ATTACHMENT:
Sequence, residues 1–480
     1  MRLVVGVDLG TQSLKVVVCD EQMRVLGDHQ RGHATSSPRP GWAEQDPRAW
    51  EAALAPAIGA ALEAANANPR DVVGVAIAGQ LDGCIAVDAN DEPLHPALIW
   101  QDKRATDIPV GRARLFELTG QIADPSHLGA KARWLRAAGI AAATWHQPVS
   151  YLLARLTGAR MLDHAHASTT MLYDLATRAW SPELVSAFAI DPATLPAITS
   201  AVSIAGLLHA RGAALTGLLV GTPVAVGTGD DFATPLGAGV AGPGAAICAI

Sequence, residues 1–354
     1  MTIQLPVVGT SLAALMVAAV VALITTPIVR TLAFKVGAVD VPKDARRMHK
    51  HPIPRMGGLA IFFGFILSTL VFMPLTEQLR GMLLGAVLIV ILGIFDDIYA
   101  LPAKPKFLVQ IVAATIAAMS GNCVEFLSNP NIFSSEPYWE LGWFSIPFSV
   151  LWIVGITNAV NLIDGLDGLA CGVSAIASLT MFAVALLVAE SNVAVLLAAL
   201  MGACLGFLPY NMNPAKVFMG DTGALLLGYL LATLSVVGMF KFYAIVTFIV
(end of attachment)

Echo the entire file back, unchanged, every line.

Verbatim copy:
Sequence, residues 1–480
     1  MRLVVGVDLG TQSLKVVVCD EQMRVLGDHQ RGHATSSPRP GWAEQDPRAW
    51  EAALAPAIGA ALEAANANPR DVVGVAIAGQ LDGCIAVDAN DEPLHPALIW
   101  QDKRATDIPV GRARLFELTG QIADPSHLGA KARWLRAAGI AAATWHQPVS
   151  YLLARLTGAR MLDHAHASTT MLYDLATRAW SPELVSAFAI DPATLPAITS
   201  AVSIAGLLHA RGAALTGLLV GTPVAVGTGD DFATPLGAGV AGPGAAICAI

Sequence, residues 1–354
     1  MTIQLPVVGT SLAALMVAAV VALITTPIVR TLAFKVGAVD VPKDARRMHK
    51  HPIPRMGGLA IFFGFILSTL VFMPLTEQLR GMLLGAVLIV ILGIFDDIYA
   101  LPAKPKFLVQ IVAATIAAMS GNCVEFLSNP NIFSSEPYWE LGWFSIPFSV
   151  LWIVGITNAV NLIDGLDGLA CGVSAIASLT MFAVALLVAE SNVAVLLAAL
   201  MGACLGFLPY NMNPAKVFMG DTGALLLGYL LATLSVVGMF KFYAIVTFIV